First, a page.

In The Varieties of Reference, Gareth Evans argues that the content of perceptual experience is nonconceptual, in a sense I shall explain momentarily. More recently, in his book Mind and World, John McDowell has argued that the reasons Evans gives for this claim are not compelling and, moreover, that Evans’s view is a version of “the Myth of the Given”: More precisely, Evans’s view is alleged to suffer from the same sorts of problems that plague sense-datum theories of perception. In (...) particular, McDowell argues that perceptual experience must be within “the space of reasons,” that perception must be able to give us reasons for, that is, to justify, our beliefs about the world: And, according to him, no state that does not have conceptual content can be a reason for a belief. Now, there are many ways in which Evans’s basic idea, that perceptual content is nonconceptual, might be developed; some of these, I shall argue, would be vulnerable to the objections McDowell brings against him. But I shall also argue that there is a way of developing it that is not vulnerable to these objections. (shrink)
El presente artículo busca profundizar las formas en que migrantes peruanos en Chile habitan su espacio privado desde una perspectiva de cultura material, a través del análisis de las posesiones del hogar y la comida. La cultura material del hogar encarna tanto su experiencia y trayectoria migratoria como el proceso de integración en la sociedad chilena, representando el continuo proceso de ajuste que deben enfrentar en términos culturales, sociales y materiales. Los resultados muestran que las formas de habitar y apropiarse (...) del hogar están relacionadas con los procesos de integración, pues a través de la cultura material se negocia cotidianamente la pertenencia entre dos mundos, el de origen y destino, generando la ambivalencia de estar aquí y allá simultáneamente. Sus hogares se convierten en transnacionales, donde emerge un sincretismo cultural entre ambos mundos que cohabitan: Perú se refleja en la fotografía y la comida, que permite reactualizar su pertenencia e identidad originaria, y Chile es representado por objetos tecnológicos, que materializan su trabajo sacrificado y coraje, y les permite sentirse parte de la sociedad de destino. (shrink)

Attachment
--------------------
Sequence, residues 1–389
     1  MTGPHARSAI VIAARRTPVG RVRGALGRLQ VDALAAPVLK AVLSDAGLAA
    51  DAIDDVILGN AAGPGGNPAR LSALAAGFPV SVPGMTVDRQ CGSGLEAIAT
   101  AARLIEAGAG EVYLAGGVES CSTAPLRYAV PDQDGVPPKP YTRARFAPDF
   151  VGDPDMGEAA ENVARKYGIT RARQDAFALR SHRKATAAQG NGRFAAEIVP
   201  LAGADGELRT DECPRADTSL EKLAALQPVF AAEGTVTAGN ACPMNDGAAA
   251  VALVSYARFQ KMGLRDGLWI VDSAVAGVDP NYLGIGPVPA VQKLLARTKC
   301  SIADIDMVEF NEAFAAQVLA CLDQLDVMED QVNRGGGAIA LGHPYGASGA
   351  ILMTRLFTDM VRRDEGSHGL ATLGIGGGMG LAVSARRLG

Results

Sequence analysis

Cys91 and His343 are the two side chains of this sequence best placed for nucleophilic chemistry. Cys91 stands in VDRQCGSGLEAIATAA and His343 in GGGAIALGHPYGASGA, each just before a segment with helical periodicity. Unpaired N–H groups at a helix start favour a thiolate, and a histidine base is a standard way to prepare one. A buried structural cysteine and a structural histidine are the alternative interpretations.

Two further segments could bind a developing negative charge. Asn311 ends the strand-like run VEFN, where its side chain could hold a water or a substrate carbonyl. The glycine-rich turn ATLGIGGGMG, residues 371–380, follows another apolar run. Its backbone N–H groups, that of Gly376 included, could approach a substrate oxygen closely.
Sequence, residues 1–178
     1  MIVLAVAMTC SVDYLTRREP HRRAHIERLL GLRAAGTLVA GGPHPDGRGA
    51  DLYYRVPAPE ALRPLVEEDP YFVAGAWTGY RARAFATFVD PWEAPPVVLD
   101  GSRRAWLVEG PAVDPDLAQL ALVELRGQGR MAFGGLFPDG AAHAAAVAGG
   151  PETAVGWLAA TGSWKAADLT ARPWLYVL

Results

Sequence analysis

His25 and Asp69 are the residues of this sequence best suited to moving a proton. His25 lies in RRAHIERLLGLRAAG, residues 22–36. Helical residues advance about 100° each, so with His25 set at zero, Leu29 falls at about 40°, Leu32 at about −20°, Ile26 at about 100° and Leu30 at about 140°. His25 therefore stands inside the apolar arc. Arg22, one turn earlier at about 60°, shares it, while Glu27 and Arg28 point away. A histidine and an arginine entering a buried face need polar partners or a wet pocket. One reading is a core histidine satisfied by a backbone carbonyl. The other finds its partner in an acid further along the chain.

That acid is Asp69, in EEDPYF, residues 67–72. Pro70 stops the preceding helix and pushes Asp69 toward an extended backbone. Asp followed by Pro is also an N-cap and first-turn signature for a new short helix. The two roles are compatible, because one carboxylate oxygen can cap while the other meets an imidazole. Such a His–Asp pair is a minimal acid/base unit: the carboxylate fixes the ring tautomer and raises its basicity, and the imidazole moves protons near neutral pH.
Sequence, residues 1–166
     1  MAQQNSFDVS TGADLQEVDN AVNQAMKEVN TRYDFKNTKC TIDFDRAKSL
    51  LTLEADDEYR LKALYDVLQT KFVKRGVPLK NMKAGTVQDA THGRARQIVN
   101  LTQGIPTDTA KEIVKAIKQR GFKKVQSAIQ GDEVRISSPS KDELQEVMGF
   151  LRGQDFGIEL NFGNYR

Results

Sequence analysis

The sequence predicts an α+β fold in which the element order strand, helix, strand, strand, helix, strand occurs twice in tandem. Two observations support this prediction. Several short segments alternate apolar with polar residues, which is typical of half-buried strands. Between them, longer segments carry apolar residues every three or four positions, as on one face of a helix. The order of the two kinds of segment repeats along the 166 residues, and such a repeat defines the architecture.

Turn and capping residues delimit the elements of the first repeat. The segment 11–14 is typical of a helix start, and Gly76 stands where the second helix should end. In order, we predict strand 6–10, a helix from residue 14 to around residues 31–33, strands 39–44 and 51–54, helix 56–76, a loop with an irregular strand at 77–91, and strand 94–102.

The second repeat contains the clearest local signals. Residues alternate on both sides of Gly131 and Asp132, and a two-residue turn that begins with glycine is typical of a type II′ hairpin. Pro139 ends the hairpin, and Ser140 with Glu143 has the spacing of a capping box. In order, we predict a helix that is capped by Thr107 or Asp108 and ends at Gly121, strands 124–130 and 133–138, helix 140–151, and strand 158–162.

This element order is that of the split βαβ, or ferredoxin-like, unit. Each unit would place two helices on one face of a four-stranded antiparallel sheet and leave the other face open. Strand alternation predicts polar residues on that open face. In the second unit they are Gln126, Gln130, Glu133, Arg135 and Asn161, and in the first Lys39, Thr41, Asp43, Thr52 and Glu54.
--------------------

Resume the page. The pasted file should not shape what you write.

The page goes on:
G.E. Moore, more than either Bertrand Russell or Ludwig Wittgenstein, was chiefly responsible for the rise of the analytic method in twentieth-century philosophy. This selection of his writings shows Moore at his very best. The classic essays are crucial to major philosophical debates that still resonate today. Amongst those included are: * A Defense of Common Sense * Certainty * Sense-Data * External and Internal Relations * Hume's Theory Explained * Is Existence a Predicate? * Proof of an External World (...) In addition, this collection also contains the key early papers in which Moore signals his break with idealism, and three important previously unpublished papers from his later work which illustrate his relationship with Wittgenstein. (shrink)